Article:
Yo, Mofo! SF Playhouse tips a mighty fine Hat

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Jackie (Gabriel Marin, far left) and Cousin Julio (Rudy Guerrero, left) visit sponsor Ralph D. (Carl Lumbly, right) and his wife Victoria (Margo Hall, center) to discuss suspected misdeeds in the San Francisco Playhouse production of Stephen Adly Guirgis’ The Motherfucker with the Hat. Below: Marin’s Jackie fends off angry girlfriend Veronica, played by Isabelle Ortega. Photos by Jessica Palopoli

[warning: this review does not hide or disguise the word “motherfucker” in the title of the play at hand]

The comedy, the intensity and all that rough language keeps things skittering right along in the San Francisco Playhouse production of The Motherfucker with the Hat by Stephen Adly Guirgis. The play is this rush of plot and character and language, then the sadness and despair lands. It takes Lionel Richie and the Commodores to underscore it, but man oh man is it there.

In so many ways, Gurigis’ Hat is about growing up, about taking yourself and the world you live in seriously enough to find purpose and pursue it with as much discipline as you can muster. The grown-ups in the play, let it be said, don’t do such a good job on the discipline part, although most of them have (or find) some degree of purpose.

This is the fourth time the Playhouse has tacked a Guirgis play, and it’s easy to see the attraction to the hefty, funny, complicated worlds that Guirgis creates. Compared to previous shows such as Our Lady of 121st Street and Jesus Hopped the A Train, The Motherfucker isn’t quite as gritty or as dark, but it’s still a substantial work about lives (and lies) in transition.

The main character, Jackie (Gabriel Marin) is fresh out of a 24-month stint in prison for getting caught dealing drugs out of the apartment he shares with his on-and-off girlfriend since the eighth grade, Veronica (Isabelle Ortega). When we meet Jackie, he’s as excited as a puppy getting adopted. He has his sobriety, he has his love and he has a new job. Life is good for Jackie…until it isn’t, and all those things he thought he had require re-evaluation.

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Jackie turns to his Alcoholics Anonymous sponsor, Ralph D. (Carl Lumbly) for solace and guidance, and though the older man appears to be the soul of compassion and grounded intelligence, he’s not quite what he seems. Curiously, though we learn many unsavory things about Ralph and he’s a liar, he really does turn out to be a pretty good sponsor. He’s got a lot of life experience, which results in a fair amount of common sense (if not outright morality). When he says he loves his cranky wife, Victoria (Margo Hall), we believe him, in spite of evidence to the contrary. And when we think Victoria might just be unlovable, we discover a smart, passionate woman with a unique perspective on the truth.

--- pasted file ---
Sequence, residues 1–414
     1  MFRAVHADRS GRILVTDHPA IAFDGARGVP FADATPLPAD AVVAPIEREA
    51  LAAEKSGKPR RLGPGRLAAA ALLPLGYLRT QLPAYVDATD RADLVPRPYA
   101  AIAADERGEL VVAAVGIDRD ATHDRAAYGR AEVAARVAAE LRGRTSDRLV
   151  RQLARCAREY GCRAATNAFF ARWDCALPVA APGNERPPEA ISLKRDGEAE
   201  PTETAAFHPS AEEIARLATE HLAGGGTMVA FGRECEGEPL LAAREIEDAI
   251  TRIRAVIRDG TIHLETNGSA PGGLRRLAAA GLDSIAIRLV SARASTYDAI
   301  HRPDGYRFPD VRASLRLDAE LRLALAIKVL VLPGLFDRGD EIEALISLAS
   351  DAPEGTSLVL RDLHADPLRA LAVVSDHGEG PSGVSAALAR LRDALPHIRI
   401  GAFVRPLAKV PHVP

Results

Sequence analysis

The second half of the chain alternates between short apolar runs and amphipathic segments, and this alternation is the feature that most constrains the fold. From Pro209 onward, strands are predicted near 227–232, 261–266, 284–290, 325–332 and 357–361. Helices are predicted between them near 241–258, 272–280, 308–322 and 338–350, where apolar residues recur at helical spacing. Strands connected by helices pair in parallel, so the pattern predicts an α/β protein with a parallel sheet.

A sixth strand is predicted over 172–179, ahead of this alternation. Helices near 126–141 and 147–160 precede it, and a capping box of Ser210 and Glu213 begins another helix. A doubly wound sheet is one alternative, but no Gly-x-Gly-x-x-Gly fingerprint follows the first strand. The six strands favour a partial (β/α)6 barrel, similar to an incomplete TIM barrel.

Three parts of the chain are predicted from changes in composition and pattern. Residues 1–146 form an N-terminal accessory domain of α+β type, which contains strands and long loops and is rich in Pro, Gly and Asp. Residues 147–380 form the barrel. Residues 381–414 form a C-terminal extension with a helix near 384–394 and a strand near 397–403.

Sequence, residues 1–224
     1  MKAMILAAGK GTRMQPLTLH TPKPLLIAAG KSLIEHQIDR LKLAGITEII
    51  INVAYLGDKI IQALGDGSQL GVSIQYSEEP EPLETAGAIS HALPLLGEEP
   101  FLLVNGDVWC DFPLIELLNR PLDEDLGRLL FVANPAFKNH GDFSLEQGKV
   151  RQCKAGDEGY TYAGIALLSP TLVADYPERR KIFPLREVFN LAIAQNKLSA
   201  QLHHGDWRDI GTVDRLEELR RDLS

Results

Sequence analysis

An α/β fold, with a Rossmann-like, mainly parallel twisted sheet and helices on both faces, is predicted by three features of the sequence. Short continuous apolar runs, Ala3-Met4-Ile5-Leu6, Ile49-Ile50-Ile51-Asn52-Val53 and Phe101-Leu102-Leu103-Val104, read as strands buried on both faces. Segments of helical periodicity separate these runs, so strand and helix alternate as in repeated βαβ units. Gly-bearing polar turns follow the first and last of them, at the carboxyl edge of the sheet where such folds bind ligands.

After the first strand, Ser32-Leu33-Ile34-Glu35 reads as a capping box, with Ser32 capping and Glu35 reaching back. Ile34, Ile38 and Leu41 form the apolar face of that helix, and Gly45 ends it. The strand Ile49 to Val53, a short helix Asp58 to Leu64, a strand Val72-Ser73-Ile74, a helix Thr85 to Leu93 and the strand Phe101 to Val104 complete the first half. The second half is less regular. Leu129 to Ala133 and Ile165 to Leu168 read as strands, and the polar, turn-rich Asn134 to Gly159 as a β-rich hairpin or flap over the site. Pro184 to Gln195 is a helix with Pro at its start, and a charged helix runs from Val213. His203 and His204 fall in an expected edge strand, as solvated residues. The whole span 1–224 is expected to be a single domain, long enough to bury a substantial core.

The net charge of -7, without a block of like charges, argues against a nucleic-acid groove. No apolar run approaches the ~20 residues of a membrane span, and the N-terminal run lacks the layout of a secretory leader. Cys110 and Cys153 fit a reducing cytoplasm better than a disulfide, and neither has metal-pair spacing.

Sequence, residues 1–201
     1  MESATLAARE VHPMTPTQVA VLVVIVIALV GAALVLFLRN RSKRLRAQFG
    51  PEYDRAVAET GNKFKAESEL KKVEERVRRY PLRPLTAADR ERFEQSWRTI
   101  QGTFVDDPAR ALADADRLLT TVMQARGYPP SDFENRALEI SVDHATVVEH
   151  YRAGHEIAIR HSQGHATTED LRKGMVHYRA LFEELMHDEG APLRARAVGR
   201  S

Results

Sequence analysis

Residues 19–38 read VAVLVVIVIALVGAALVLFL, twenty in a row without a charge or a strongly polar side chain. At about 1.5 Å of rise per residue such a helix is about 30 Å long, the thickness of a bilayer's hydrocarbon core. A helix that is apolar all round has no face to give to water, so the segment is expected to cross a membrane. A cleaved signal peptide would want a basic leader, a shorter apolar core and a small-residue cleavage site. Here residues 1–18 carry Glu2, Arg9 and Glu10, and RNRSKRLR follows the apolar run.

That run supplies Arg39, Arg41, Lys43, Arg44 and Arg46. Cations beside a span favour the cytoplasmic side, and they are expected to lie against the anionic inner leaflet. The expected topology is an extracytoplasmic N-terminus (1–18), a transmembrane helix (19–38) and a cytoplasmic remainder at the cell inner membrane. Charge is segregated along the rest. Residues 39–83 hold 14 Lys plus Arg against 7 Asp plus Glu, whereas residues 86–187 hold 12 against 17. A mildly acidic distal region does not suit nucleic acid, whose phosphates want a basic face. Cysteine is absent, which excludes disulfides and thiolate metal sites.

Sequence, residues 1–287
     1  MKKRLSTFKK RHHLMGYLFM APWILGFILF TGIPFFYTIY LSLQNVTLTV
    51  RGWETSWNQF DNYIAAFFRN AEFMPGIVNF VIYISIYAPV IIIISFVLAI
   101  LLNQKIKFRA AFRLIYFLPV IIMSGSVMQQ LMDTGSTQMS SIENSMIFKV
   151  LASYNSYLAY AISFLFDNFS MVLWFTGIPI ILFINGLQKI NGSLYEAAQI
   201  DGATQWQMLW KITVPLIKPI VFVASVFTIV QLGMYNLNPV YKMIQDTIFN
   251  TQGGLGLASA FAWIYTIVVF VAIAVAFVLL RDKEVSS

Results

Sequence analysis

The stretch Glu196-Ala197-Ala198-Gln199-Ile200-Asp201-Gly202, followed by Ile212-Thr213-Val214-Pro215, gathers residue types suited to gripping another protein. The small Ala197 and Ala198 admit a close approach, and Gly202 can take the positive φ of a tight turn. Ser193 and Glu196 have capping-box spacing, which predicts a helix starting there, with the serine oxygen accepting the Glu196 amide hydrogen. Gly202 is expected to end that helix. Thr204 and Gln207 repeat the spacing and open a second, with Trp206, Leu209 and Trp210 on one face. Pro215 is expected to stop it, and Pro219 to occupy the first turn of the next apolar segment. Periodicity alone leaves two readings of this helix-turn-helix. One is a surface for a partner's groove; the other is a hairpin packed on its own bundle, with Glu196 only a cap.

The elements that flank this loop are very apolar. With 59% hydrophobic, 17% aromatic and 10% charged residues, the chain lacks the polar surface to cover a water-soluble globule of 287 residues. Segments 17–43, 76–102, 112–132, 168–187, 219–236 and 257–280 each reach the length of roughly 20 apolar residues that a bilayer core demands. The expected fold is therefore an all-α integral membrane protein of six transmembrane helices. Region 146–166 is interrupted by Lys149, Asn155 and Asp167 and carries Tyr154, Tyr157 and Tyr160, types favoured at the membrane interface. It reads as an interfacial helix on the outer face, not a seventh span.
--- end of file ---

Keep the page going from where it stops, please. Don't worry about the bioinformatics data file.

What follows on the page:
Guirgis is a writer capable of surprising his audience, and that’s a welcome trait here. Probably the most delightful character in the play is Cousin Julio (Rudy Guerrero), who, like Victoria, is a truth teller. But flamboyant Julio has flair and charm and, surprisingly, a wife. He’s a muscle man who likes to cook empanadas on his balcony grill, and when he channels his inner Van Damme, the result is funny but also impressive. Maybe one day Guirgis will write a play all about Cousin Julio.

Director Bill English made a smart choice in set designers by hiring himself to create two New York apartments, one grungy, one pristine, set against a backdrop of brownstones and Cousin Julio’s plant-laden balcony high above it all. Now that the Playhouse is settled into its fantastic new space, the sky is clearly the limit in terms of set design.

English gets some superb performances from his cast, most notably from Lumbly as an AA warrior with a unique perspective on life and love, Hall as a knowing, frustrated wife and Guerrero as the unflappable Cousin Julio. Marin and Ortega also have stellar moments, but as the combustible couple at the center of the story, the one struggling with addiction and adultery, there’s something missing. They both create endearing characters, even at their most obnoxious, duplicitous and self-deluding, but they don’t seem to belong together – and the play seems to want us to think they do.

The play boasts some satisfying laughs and an engaging, “what could possibly happen next” sense of storytelling. But this is a serious piece, though it’s less rooted in the head than it is in the heart. Being a grown-up, even one who makes the right choices and still takes advantage of people, is posited as a better alternative to the freefall of addiction and perpetually indulgent, childish behavior. It’s’ not a terribly hopeful message, but it’s one that’s hard to argue.

[bonus interview]
I talked to playwright Stephen Adly Guirgis for a story in the San Francisco Chronicle. Read the interview here.

Stephen Adly Guirgis’ The Motherfucker with the Hat continues through March 16 at the San Francisco Playhouse. Tickets are $30-$100. Call 415-677-9596 or visit

Life is hell for Jerry Springer and Judas Iscariot

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Timitio Artusio as Treymont (front) and Jordan Best as Zandra, both guests on “The Jerry Springer Show” in Jerry Springer the Opera at the Victoria Theatre. Photo by Ben Krantz Studio

Below: Brandy Leggett is Mother Teresa and Ben Ortega is a prosecuting attorney in The Last Days of Judas Iscariot at the Gough Street Playhouse. Photo by Jamie Buschbaum

There are some wonderfully theatrical theological discussions going on around town these days.

At the Victoria Theatre in the Mission, outlandish talk show host Jerry Springer is facilitating a conflict resolution session between Satan and Jesus in Ray of Light Theatre’s Jerry Springer the Opera.

And the Custom Made Theatre Company is delving deep into notions of Judeo-Christian forgiveness and despair in Stephen Adly Guirgis’ The Last Days of Judas Iscariot. Satan and Jesus make appearances in this show, too.